Wednesday 13 September 2023

Introduction to SQL Injection

We noticed that our old post (see here) created by one of the students through the re:educate program was broken. As a result, Alysha, our new team member, gives this topic a fresh perspective. During the course of her research, she will provide more information on SQL Injection in our blog.

Introduction to SQL Injection

SQL Injection (SQLi) is generally rated as a severe vulnerability in web applications as it allows attackers to execute malicious queries that can compromise both web application and database security. It is one of the oldest and dangerous vulnerabilities.

What is SQL database?
SQL database is a type of relational database management system used for storing and managing data. It utilises SQL language to define, manipulate and query data, organising it into tables composed of rows and columns.

What is SQL?
Structured Query Language (SQL) is a versatile and case-insensitive language for querying databases, commonly used for selecting, inserting, updating and deleting data. While syntax may vary between different databases, this explanation focuses on MySQL.

Assume that we have created a table called staff in the database.

For a better illustration, we can use SQL Fiddle to show the queries and the outputs.

    INSERT clause is used to add data into the database.

    INSERT INTO staff (username, password) VALUES ('user', 'user123');
    The query inserts a new record into table staff with username user and password user123.

    SELECT clause is used to retrieve data from the database.

    SELECT * FROM staff;
    The asterisk * indicates that we request for all data in the table staff.

    SELECT * FROM staff LIMIT 1,2;
    The LIMIT 1,2 clause restricts the database to skip the first row and return just two rows of data.

    SELECT * FROM staff WHERE username != 'vendor';
    The WHERE clause is used to specify specific conditions. The != 'vendor' instructs the database to retrieve data that the username is NOT equal to vendor.

    SELECT * FROM staff WHERE username = 'admin' OR username = 'administrator';
    The OR operator specifies that the data returned must match either admin or administrator.

    SELECT * FROM staff WHERE username = 'rehack' AND password = 'reh4ckisc00l';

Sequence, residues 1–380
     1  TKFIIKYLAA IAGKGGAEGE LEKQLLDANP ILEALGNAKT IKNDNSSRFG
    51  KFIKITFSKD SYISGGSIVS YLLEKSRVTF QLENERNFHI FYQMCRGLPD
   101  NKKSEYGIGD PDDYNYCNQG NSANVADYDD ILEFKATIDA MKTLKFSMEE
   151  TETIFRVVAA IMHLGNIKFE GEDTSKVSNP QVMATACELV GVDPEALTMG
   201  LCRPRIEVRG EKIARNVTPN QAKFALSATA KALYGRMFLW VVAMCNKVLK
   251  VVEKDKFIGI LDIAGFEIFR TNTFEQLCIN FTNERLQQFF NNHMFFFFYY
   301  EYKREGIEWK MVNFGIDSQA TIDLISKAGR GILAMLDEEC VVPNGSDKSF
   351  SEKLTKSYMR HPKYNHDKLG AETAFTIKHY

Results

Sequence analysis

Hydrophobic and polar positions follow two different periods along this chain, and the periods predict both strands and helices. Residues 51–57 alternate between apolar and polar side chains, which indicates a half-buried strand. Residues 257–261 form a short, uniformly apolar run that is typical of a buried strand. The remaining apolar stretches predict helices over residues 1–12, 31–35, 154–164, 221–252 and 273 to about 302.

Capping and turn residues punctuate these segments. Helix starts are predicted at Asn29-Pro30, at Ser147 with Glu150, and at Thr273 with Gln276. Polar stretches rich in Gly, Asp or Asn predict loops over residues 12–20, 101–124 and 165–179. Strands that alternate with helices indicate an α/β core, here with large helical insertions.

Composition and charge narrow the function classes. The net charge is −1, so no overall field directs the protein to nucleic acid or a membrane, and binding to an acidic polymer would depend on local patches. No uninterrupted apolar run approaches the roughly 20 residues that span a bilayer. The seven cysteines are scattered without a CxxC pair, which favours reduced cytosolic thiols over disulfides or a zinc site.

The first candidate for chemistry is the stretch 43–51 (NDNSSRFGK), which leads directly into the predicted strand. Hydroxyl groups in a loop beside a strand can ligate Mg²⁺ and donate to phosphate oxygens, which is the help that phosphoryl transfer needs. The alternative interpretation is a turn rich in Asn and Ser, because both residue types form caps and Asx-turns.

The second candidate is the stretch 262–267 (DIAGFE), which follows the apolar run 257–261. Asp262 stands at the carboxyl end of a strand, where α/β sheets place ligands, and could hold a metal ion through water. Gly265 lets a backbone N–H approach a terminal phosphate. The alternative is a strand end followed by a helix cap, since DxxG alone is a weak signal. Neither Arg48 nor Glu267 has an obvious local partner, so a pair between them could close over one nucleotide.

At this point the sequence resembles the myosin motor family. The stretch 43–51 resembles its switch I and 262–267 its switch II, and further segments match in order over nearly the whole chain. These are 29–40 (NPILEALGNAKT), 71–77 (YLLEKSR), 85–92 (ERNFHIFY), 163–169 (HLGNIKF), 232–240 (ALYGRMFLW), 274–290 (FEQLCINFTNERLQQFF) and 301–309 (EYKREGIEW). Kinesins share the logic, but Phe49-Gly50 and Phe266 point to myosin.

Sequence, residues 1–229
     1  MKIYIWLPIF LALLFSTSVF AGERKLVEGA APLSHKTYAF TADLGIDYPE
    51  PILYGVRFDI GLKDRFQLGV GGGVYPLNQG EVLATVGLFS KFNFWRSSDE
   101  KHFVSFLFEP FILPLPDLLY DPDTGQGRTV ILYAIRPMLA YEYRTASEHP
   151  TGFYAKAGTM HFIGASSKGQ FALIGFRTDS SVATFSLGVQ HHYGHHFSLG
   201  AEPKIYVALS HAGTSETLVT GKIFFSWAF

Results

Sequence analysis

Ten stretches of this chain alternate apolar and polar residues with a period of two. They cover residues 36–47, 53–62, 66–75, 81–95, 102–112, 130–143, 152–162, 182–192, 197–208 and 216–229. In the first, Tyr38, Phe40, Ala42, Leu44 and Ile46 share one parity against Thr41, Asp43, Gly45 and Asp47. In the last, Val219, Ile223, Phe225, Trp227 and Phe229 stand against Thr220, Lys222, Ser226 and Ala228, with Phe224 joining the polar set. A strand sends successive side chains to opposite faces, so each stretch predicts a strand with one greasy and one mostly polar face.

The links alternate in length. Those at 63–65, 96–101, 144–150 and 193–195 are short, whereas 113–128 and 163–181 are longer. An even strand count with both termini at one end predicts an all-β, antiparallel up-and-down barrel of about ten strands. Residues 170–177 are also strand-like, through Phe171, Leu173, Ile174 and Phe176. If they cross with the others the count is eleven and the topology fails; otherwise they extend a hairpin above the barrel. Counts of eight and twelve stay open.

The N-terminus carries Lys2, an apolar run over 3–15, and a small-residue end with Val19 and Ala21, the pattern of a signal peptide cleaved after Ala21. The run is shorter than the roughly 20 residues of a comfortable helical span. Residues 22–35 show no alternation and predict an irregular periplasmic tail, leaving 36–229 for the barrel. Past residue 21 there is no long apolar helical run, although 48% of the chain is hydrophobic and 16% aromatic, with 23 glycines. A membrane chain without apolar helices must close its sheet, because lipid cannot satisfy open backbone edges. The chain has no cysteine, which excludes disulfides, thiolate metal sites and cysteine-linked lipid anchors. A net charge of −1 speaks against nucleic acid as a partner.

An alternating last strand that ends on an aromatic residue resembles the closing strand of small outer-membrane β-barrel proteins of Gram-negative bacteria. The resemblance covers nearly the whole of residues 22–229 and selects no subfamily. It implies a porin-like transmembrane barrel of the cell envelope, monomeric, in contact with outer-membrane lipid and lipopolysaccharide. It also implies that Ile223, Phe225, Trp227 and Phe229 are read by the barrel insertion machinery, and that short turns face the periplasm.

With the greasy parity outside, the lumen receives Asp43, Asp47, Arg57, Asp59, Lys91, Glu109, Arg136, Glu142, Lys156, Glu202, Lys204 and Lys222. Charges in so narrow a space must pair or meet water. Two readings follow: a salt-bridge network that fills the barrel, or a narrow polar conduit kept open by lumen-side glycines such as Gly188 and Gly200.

The AND operator specifies that the data returned must match both rehack and reh4ckisc00l.

    SELECT * FROM staff WHERE username LIKE 'v%';
    The LIKE 'v%' clause allows us to retrieve data that starts with the letter 'v'. The % symbol acts as a wildcard, matching any characters.

    SELECT * FROM staffs WHERE username LIKE '%a%';
    The LIKE '%a%' clause allows us to retrieve data containing 'a' in it.

    UPDATE clause is used to modify data in the database.

    UPDATE staff SET password = 'isnotmyname' WHERE username = 'user';
    The query updates the password of user to isnotmyname.

    DELETE clause is used to remove data from the database.

    DELETE FROM staff WHERE username = 'vendor';
    The query removes a row with username vendor.

    DELETE FROM staff;
    If we omit the WHERE clause, all data in the table will be deleted. Do note that the record count is 0, meaning there are zero data remaining in the table.

  5. UNION
    UNION clause is used to combine data from multiple SELECT queries.

    Assume that we have two tables of different departments.

    Table 1 - english

    Table 2 - history

    SELECT staff_name, dept_id FROM english UNION SELECT staff_name, dept_id FROM history;
    The query combines and retrieves staff_name and dept_id from two tables. Do note that there are no duplicate data in the output.

Now that we have covered some SQL basics, let’s explore SQL injection.

What is SQL injection?
SQL injection is a hacking technique in which attackers exploit weak input validation in web applications to inject malicious SQL queries into database. This allows for unauthorised access, data manipulation or data theft, posing a significant threat to application and database security.